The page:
It is unneccessary to-day to tell you what Bishop Trollope did for this Society. A member of it since its foundation in 1900, he has been our President for 13 years. The revival of the society in 1912 and its more recent revival into activity were almost entirely his work. Many if not all who have contributed to the published Transactions will tell you of his encouragement and help and our minutes tell of generous financial aid, the most recent example of which was seen in the beautiful coloured plates illustrating Sister Mary Clare's paper on "Korean Wayside Flowers", one of these plates being the gift of the Sister's mother and the other a gift from our President.

There is much that I would like to say personally, for to me he represented the ideal of a Scholar, a Gentleman, a Gracious Friend and a Prince of the Church. But if you did not know him certainly no words of mine can bring you any adequate idea of either the Bishop or the Man, and if it was your privilege to know him my words would only trammel your vision.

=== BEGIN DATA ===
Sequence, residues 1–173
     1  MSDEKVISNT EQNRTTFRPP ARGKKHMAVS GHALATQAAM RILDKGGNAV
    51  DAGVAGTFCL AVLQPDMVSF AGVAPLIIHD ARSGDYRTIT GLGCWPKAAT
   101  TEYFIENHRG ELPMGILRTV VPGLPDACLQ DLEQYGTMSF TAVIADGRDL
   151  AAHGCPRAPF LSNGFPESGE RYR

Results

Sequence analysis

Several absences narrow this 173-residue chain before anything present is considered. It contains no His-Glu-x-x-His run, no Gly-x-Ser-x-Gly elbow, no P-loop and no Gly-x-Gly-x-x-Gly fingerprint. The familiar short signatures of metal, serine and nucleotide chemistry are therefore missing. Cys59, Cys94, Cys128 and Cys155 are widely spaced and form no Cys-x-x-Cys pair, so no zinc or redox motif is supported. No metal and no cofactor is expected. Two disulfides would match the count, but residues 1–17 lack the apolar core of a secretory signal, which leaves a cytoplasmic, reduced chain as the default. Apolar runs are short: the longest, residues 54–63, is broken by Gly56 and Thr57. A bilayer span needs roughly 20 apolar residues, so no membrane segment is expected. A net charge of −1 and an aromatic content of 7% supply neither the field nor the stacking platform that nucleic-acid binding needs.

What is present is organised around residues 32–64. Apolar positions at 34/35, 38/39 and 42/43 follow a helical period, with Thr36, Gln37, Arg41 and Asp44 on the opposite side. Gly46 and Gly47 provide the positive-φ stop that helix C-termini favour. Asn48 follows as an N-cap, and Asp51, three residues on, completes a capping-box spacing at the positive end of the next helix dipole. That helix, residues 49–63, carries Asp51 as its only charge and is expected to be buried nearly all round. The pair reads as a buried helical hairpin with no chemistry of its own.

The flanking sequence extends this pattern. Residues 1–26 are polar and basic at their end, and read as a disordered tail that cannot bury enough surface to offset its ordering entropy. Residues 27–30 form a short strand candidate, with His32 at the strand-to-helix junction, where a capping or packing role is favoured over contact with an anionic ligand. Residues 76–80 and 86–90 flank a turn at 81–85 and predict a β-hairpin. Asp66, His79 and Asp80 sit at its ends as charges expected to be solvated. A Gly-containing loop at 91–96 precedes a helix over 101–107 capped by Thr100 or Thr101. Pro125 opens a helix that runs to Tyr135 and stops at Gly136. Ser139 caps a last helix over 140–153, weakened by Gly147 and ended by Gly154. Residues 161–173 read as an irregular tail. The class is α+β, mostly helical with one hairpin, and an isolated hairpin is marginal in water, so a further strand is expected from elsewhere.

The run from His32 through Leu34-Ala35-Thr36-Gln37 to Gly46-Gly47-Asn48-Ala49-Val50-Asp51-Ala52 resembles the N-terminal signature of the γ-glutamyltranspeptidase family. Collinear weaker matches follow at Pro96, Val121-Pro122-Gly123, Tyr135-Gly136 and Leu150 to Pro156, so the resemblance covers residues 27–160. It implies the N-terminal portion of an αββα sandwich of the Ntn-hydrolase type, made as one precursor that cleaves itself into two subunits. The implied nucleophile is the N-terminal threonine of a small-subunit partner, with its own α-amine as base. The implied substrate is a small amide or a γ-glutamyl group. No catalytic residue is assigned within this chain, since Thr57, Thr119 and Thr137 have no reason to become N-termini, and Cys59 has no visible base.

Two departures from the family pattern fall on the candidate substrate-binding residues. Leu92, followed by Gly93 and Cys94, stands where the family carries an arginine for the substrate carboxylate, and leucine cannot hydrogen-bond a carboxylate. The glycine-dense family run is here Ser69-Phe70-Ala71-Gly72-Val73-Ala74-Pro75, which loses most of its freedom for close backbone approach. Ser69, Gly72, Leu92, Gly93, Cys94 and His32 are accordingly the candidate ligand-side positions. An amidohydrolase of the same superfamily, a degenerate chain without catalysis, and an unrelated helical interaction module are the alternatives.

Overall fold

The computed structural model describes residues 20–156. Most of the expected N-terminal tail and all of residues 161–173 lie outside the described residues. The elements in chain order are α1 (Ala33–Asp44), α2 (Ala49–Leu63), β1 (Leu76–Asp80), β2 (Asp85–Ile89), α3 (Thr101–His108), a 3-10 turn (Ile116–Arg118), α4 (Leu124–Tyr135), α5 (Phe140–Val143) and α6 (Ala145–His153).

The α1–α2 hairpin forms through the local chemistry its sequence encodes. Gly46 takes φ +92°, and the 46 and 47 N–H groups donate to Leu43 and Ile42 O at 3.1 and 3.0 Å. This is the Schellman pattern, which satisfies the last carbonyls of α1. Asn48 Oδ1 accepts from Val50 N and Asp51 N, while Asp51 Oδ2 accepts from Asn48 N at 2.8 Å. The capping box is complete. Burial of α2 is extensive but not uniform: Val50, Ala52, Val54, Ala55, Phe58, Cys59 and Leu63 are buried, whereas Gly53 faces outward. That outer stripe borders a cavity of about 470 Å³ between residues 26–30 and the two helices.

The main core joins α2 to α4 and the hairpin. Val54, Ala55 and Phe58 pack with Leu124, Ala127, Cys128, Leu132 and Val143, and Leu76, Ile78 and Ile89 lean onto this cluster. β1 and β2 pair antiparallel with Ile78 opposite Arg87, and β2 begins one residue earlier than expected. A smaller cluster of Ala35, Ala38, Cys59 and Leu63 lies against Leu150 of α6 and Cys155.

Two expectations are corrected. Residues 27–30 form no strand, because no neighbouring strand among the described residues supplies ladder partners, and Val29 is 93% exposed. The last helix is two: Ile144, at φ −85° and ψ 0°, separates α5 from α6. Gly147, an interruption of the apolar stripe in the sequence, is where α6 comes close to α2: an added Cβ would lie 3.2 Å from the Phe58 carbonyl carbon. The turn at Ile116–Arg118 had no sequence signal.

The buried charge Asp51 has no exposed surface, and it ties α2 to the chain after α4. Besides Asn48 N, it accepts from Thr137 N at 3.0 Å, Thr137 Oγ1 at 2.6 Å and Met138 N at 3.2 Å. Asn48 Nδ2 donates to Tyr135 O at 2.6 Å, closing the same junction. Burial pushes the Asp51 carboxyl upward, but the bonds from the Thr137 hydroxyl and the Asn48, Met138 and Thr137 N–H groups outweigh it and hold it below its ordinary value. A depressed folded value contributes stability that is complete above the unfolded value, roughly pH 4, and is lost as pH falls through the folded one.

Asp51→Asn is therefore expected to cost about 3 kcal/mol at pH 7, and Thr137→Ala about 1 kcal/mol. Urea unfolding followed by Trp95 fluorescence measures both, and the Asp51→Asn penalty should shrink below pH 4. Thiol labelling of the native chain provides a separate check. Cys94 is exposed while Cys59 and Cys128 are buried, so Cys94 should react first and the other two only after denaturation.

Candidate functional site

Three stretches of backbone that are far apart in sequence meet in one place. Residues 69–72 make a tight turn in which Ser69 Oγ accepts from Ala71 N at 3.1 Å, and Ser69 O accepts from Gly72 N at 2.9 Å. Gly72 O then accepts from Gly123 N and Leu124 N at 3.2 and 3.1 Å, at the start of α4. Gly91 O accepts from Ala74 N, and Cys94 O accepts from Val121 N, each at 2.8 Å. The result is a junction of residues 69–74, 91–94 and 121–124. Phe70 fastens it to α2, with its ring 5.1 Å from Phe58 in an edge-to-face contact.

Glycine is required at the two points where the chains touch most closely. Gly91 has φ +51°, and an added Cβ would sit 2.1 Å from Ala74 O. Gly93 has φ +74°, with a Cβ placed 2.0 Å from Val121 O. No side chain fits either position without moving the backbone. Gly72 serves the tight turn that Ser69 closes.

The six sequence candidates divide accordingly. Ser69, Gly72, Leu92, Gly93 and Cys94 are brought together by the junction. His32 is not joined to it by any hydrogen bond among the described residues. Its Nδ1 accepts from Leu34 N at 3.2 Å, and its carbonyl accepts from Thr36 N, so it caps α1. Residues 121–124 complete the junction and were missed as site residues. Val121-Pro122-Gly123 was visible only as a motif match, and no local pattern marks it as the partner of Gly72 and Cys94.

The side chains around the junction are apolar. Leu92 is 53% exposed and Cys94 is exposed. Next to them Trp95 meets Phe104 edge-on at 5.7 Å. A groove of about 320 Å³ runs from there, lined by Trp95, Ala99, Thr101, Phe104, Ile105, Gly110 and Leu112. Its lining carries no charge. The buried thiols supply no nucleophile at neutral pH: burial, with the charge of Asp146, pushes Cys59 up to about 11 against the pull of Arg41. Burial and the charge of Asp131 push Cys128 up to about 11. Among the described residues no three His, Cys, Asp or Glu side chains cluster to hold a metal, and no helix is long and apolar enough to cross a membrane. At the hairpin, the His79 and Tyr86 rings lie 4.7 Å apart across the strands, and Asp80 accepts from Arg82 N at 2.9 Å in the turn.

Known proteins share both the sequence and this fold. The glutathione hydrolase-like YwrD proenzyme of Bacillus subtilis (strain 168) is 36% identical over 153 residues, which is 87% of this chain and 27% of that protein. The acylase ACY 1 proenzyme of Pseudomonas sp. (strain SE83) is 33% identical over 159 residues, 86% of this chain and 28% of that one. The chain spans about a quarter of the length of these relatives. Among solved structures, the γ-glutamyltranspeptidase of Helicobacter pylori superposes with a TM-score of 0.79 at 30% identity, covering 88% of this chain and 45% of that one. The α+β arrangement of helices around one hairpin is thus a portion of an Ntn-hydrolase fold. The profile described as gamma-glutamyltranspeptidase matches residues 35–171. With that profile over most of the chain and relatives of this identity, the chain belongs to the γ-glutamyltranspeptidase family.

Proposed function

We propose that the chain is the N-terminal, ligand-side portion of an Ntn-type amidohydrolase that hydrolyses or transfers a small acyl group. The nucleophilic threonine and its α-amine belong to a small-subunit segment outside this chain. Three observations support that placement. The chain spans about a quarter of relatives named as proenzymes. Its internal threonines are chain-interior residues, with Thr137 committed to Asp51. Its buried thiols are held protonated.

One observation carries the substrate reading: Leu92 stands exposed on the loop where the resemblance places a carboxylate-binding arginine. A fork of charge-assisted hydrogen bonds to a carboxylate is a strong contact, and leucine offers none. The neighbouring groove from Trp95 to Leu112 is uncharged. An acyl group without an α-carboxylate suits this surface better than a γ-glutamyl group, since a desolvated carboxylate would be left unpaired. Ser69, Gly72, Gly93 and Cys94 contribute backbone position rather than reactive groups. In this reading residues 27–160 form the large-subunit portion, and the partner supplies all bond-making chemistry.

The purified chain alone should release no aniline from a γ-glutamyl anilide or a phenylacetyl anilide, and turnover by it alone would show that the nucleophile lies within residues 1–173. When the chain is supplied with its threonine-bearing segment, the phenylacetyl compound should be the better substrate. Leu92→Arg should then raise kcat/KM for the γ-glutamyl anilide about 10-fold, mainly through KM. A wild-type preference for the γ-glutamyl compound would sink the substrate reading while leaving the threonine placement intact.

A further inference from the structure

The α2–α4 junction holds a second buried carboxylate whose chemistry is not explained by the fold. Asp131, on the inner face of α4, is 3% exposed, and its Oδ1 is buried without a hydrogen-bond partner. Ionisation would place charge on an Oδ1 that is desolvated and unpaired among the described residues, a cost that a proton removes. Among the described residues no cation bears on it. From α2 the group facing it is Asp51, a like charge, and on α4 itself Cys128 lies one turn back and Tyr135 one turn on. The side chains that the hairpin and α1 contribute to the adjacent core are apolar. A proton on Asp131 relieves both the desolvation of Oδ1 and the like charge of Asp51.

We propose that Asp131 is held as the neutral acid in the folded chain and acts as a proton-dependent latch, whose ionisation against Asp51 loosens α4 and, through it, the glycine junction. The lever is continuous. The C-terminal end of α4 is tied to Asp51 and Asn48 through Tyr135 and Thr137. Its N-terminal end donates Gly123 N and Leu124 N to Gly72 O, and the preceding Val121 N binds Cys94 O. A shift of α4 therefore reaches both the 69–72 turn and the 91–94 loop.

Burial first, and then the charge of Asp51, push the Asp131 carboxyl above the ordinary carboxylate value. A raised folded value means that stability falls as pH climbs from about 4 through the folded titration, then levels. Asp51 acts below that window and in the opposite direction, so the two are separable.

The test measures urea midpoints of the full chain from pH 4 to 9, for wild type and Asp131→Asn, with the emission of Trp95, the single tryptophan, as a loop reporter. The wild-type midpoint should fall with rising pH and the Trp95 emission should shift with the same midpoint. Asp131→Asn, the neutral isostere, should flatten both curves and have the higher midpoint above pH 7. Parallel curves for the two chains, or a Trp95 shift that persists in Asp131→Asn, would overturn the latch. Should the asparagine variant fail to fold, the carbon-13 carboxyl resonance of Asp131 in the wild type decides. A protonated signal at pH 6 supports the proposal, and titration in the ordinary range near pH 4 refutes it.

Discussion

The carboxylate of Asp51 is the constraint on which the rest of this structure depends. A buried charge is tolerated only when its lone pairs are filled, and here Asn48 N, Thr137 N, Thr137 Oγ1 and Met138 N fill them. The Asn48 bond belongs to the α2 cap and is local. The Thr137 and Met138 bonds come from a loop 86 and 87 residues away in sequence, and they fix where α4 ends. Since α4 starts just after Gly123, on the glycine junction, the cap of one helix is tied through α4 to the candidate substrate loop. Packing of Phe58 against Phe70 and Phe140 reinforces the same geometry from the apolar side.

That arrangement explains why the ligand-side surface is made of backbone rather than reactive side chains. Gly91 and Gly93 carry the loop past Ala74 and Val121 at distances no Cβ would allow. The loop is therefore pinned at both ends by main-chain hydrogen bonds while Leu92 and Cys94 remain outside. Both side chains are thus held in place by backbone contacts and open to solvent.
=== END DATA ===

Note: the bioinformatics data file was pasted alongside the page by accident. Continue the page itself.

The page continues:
I will however ask you to listen to Bishop Trollope's own words with which he closed his address to the students at the Chosen Christian College :

"I am an old man now, and a fortnight hence I shall be 68 years old. And as we know "the days of our age are three score years and ten and though men be so strong that they come to four score years yet is their strength then but tabour and sorrow." Yet there is a glory as well as sadness in the sunset. As I look back over my past life, although I am conscious of many shortcomings and wasted opportunities my chief feeling is one of thankfulness for all that life has brought to me, and for the many blessings, bodily and spiritual which have fallen to my share. And the glory of the sunset not only illumines the day that is past, but is the herald of the morrow's sunrise. For death to the Christian is not so much a "chorup" (Completion - Corean word for graduation) ,s a "commencement". And I, at the end of my earthly career equally with today's graduates at the beginning of theirs, may look forward with the courage of hope to a future as full of the promise of progress as anything that life has had to shew us in the past.”